Sony Xperia Z1 Compact puts top-end specs into a 4.3-inch body (hands-on)

The Sony Xperia Z1 Compact takes the supercharged processor and 20-megapixel camera of its big brother, but packs it into a more pocketable 4.3-inch, waterproof body.

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Andrew Lanxon Editor At Large, Lead Photographer, Europe
Andrew is CNET's go-to guy for product coverage and lead photographer for Europe. When not testing the latest phones, he can normally be found with his camera in hand, behind his drums or eating his stash of home-cooked food. Sometimes all at once.
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Andrew Lanxon
4 min read

Sony is jumping on the bandwagon of making smaller, more pocketable versions of flagship phones, much as we've already seen from Samsung and HTC. Unlike its rivals however, Sony seems to be doing the mini phone right.

The Xperia Z1 Compact packs the same waterproof, metal and glass design, supercharged quad-core processor, 4G LTE connectivity and 20-megapixel camera as the top-end Xperia Z1, but shrinks the screen down to a much more manageable 4.3-inches.

While the HTC One Mini and Samsung Galaxy S4 Mini both bear the names of their elitist brethren, both models actually come with considerably watered down specs that won't keep hardcore tech fans happy. The Z1 Compact provides cutting-edge tech without forcing you to have a phone so big you can camp under it.

The Sony Xperia Z1 Compact is due to go on sale in the UK and wider Europe in the middle of February, but Sony hasn't yet stated if it will make its way to the US. It also hasn't said how much it will be, but did suggest that its similar specs to the Z1 indicates a similar price -- expect it to be somewhere between £400 and £450.


Size aside, the Z1 compact is almost identical to its bigger brother. It has the same all-glass front and back, with the one-piece aluminium band running around the edge. The same chunky power button pokes out of the side and there's a dedicated camera shutter button below.

The power-packed, pocketable Sony Xperia Z1 Compact (photos)

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The Compact will be available in a host of bright colours, including hot pink and a rather vibrant lime green. They might not be to everyone's tastes, but they certainly stand out from the crowd. If colours aren't your thing, you can pick it up in white or black instead.

Like the Z1, the Compact is waterproof to a depth of one metre for up to 30 minutes. Not only can you drop it in the bath or spill a drink on it without worry, you can dive into the chilly sea and happily snap away at the jellyfish that live within. The camera shutter button means you don't need to tap on the display to take a photo -- which won't be able to register your finger underwater.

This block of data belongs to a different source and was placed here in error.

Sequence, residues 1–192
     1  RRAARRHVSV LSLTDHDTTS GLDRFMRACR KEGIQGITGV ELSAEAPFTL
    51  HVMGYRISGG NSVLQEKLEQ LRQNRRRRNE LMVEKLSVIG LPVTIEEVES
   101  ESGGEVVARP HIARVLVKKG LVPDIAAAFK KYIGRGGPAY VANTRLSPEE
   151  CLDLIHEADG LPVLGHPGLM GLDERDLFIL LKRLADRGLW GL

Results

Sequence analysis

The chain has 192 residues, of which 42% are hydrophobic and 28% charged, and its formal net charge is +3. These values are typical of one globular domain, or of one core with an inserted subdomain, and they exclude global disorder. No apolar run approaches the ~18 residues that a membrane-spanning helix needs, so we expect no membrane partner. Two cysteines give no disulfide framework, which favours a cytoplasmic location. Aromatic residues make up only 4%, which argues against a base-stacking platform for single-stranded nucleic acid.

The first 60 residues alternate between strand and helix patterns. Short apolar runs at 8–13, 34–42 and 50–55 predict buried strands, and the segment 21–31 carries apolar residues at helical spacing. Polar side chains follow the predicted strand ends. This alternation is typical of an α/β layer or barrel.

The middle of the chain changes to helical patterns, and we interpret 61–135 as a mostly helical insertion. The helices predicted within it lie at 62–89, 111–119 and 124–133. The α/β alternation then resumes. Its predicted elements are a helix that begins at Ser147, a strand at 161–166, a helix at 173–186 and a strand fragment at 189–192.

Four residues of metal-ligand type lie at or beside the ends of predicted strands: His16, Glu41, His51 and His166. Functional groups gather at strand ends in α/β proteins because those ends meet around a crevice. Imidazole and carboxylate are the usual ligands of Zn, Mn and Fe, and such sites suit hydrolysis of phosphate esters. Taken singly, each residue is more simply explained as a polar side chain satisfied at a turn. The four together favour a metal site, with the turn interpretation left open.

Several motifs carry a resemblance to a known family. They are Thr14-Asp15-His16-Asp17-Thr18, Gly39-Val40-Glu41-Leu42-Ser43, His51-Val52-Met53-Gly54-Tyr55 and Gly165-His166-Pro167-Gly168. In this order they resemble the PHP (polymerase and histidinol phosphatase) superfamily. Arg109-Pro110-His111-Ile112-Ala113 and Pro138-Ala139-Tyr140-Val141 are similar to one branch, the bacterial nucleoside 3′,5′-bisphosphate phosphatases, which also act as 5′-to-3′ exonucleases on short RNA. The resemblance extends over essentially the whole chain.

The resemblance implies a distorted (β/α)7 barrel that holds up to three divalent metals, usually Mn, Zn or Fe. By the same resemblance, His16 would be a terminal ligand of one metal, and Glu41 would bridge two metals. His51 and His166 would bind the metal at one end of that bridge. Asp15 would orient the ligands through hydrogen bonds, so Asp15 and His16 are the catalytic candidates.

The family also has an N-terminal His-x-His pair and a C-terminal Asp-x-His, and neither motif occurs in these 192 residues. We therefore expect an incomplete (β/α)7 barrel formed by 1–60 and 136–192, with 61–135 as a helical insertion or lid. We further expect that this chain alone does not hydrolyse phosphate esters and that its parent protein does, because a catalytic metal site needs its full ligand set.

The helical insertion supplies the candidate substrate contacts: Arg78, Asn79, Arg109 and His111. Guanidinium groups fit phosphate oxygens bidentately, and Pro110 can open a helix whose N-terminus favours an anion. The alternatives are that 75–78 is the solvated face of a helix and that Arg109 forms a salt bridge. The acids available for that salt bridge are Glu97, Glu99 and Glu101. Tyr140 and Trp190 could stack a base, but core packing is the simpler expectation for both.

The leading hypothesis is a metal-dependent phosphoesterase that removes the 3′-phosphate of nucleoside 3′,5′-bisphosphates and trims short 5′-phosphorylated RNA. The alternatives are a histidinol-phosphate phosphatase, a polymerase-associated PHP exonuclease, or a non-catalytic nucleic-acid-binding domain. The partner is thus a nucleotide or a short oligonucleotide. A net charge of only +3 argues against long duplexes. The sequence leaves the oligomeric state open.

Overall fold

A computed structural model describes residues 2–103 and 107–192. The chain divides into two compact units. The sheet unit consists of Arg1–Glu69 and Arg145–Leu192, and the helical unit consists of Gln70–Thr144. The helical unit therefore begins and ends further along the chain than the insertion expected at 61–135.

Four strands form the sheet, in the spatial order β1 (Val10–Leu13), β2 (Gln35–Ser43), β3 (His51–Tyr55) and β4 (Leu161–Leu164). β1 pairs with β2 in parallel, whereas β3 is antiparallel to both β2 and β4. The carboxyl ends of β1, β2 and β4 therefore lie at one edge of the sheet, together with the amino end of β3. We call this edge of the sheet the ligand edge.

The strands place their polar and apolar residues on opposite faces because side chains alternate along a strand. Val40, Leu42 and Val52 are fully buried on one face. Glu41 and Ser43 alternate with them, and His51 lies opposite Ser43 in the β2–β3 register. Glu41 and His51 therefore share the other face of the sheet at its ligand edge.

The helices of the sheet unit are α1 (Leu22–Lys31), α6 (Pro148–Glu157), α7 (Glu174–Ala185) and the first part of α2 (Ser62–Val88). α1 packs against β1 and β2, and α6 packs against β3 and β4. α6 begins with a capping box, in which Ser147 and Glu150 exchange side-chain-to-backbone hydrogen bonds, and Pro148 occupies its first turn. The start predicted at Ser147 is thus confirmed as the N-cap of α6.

The Z1 compact has slimmer bezels than the standard Z1, which helps maximise screen size, without bulging out the phone's body. I found it much easier to hold in one hand and it shouldn't embarrassingly bulge out your pocket when it's in your jeans.

It comes with 16GB of internal storage as standard, but you can find a micro SD card slot under a waterproof flap, allowing you to expand the space to fit all your music and photos.


The Compact packs a 720p display, which is a step down from the Full HD of its brother, but the smaller screen size means it doesn't need as many pixels to remain sharp. Indeed, it has a pixel density of 340 pixels per inch, which is a step above the 326ppi of the iPhone 5 -- and you'd have to be in a pretty foul mood to call that low resolution.

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In my hands on time, I couldn't really tell much difference in sharpness and clarity against the Compact and the standard Z1. The Compact's screen also seemed marginally brighter, which should help if you're using it under bright office lights or glaring sunshine. I'll reserve my full judgement on this for the full review though.

Software and processor

It'll arrive sporting the last but one version of Android, known as 4.3 Jelly Bean. At the time of writing, Sony wasn't able to give a firm word on when the compact, or indeed the full-sized Z1 would see an update to the latest 4.4 KitKat, but suggested that it will be coming at some point.

The software looks identical to the interface on the Z1, with the same customisable app tray layout and Sony-made image and video galleries. While I'm not keen on the custom galleries -- which I find to be a little more clunky to use than the stock Android one -- the rest of the interface is simple enough and won't challenge existing Android users.

Unlike other miniaturised versions of top end phones, the Z1 Compact comes with the same supercharged processor as its larger sibling, rather than a weaker, cheaper chip. It's a 2.2GHz quad-core Qualcomm Snapdragon 800 processor that, in my time with the Z1, proved to be blisteringly fast.

I haven't been able to put the Compact through its paces yet, but I'm expecting similarly impressive results and am confident that it will easily outperform the HTC One mini and Galaxy S4 mini.

Andrew Hoyle/CNET

The Compact also crams in the same 20.7-megapixel camera from the Z1. I found the Z1's camera to be capable of capturing some great shots, and with exactly the same sensor and optics, I expect the Compact to achieve similar results.


Sony has done with its mini phone what we hoped other manufacturers would do with theirs -- shrink the size of the flagship, but keep the elite lineup of specs. Mix in the waterproof, attractive design and Sony might well have a top-end Android phone for those of you who don't want their pockets stretched out by 5-inch goliaths.